Hi there Daisy! Our schedules have finally matched up and we have some time to kiki!
Yaaaasss! So excited! Love what you do for the girls! The platform and visibility combined with your history- knowing all us old gals that have been around makes for a great site!
I have heard you’ve been around!
Oh sister, you have NO idea! As Bethenny Frankel says, I always come from a place of YES!
A place of “Yes, yes, oh god yes!“?
But of course! *Laughs*
So let’s go right back to the beginning of where your story begins. Where are you from originally?
I’m from upstate New York. I lived on a lake, very country. Our neighbors were cows. Daisy is from Florida. I started doing her as SOON as I got the fuck out of the sticks!
Photo by Stian Roenning
What was your first exposure to the world of drag?
I remember dressing up as a kid and thinking I was the only one, but then Boy George came out. At that moment I knew that I was not completely insane and there were others like me! *Laughs* It would still be years before I saw an actual drag show. I was in college at New World School of the Arts majoring in dance so EVERYONE was gay! *Laughs* Well, there were only three other guys in the dance program and two of them became my first gay friends. They wanted to take me out to Warsaw but I was still underage so I “conveniently” suggested I go in drag. *Laughs* Still, I got turned away since I was only eighteen but my friend went in and opened the alley door and I snuck in. It was a Suzanne Bartsch party and I was in heaven with all the glamorous queens and club kids! I wound up prancing on stage all night long.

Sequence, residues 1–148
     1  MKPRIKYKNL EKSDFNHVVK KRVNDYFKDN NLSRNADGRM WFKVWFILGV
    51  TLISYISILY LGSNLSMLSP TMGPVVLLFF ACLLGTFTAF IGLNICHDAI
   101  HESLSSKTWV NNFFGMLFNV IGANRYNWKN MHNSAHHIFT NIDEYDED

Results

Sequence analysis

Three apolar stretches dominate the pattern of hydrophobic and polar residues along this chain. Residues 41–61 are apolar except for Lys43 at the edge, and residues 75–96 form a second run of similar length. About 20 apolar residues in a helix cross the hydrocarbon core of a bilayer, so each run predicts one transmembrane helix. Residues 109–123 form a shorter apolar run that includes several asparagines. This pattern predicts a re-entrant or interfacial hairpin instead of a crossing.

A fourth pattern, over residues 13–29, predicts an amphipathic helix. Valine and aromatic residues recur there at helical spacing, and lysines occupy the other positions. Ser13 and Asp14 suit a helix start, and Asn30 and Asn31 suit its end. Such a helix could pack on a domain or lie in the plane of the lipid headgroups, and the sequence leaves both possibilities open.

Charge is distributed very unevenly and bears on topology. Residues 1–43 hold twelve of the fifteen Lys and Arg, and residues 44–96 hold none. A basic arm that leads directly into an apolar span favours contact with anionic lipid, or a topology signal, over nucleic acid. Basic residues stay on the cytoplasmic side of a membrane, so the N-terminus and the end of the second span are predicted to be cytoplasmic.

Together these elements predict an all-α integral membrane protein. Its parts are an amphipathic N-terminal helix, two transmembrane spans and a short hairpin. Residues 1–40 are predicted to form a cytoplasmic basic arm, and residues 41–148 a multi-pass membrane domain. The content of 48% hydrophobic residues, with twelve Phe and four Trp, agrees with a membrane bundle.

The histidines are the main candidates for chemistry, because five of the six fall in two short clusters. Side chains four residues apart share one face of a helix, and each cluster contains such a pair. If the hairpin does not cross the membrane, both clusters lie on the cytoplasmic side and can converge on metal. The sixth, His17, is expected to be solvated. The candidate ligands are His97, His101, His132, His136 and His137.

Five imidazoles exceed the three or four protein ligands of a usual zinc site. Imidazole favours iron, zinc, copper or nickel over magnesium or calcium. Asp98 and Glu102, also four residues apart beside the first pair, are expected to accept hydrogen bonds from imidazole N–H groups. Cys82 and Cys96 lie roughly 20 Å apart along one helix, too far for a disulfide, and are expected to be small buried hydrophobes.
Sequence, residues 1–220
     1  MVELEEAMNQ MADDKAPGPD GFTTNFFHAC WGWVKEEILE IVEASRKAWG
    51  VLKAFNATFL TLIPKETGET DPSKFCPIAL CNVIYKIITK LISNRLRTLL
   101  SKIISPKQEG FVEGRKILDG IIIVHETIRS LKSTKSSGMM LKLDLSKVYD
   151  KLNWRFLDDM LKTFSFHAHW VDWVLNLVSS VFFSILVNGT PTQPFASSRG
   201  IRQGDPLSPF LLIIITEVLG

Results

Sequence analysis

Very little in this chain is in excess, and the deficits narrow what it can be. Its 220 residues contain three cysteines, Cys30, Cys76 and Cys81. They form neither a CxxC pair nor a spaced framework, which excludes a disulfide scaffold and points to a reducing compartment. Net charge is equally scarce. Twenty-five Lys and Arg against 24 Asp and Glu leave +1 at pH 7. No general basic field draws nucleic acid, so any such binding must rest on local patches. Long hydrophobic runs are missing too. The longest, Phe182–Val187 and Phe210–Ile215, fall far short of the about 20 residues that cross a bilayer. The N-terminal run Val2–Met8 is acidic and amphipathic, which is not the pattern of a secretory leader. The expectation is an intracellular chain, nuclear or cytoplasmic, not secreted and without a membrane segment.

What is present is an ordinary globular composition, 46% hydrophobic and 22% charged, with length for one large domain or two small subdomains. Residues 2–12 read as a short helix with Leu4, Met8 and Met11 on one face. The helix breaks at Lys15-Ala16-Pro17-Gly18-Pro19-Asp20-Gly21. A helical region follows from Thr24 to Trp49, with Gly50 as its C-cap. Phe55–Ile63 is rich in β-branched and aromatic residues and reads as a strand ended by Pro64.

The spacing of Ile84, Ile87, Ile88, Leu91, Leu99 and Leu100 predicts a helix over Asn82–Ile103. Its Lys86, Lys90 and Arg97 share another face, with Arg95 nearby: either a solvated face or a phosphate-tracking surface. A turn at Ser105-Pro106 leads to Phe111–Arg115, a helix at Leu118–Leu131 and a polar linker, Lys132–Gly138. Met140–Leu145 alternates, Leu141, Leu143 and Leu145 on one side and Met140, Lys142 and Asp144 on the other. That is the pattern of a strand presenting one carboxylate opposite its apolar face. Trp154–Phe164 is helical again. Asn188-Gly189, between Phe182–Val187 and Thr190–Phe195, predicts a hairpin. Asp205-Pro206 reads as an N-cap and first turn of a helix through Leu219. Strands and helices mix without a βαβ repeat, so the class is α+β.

Would you say you were bitten by the drag bug right then and there?
Oh yeah! I kept at it and finally looked good enough to get in without being ID’d *Laughs* Then I entered the late, great Dana Manchester’s amateur drag contest at O’Zone and started getting bookings. I couldn’t be out until 5am in drag and still make it to ballet at 9am but I was working enough at night that I actually gave up my full ride at New World. After all, I WAS already using my schooling and dance training but I ALSO go to act, do stand up as well makeup and hair! I figured it was better than the short career all dancers have and I CERTAINLY didn’t want end up bitter as hell teaching little brats ballet! *Laughs*
It sounds like that wasn’t a difficult decision for you to make?
What was the scene in Florida like back then?
Oh my god, it was amazing! I was in South Beach and it TRULY was a gay Mecca. This was before cell phones and internet but SOMEHOW we all found out what was going on and where to go. EVERY night of the week had a packed night AND a drag show somewhere. Cabaret shows, drag dinner shows, huge warehouse dance parties AND you’d be rubbing elbows with celebrities like Gianni Versace, Robin Williams, Sylvester Stallone and Madonna. A friend that did the lights at Amnesia where I worked Tea Dance who had been around a bit longer then I said the two best times for gay nightlife were when Studio 54 ruled NYC and South Beach in the 90s. Compare it to now when there are only are gay clubs and one gay restaurant!
Do you want to pick up all those names you dropped or should I?
*Laughs*I didn’t say I rubbed elbows with them! Although not for lack of trying! I stalked Madonna like a mother fucker! *Laughs* I did however have an AMAZING gig at Warsaw where I was the Champagne girl for one of Versace’s friends and served Gianni himself, Sylvester Stallone and Elton John!
What was that like? Just a typical day at the office?
*Laughs* Unfortunately not, that was the only night the club was THAT celebrity packed. I believe it was New Year’s Eve. But the 90s were DEFINITELY filled with more movers and shakers. Robin Williams was in the audience one night at WPA while he was filming The Bird Cage here.
So one of the things we wanted to talk about is the anniversary of you winning the Entertainer of the Year pageant.
Yes! The TWENTIETH anniversary! Jesus that seems crazy, time flies! My drag mother Damien Dee-Vine (who is now the beautiful Allanah Starr) was entering Miss Florida and I was one of her back up dancers. It was the first time I’d ever been to a pageant and fell in love with the professionalism, the attention to detail. I loved that one had months to prepare a well crafted and rehearsed talent, as well as fabulous fashion! So the next year I gave it a go and entered myself!
And you won on your first try?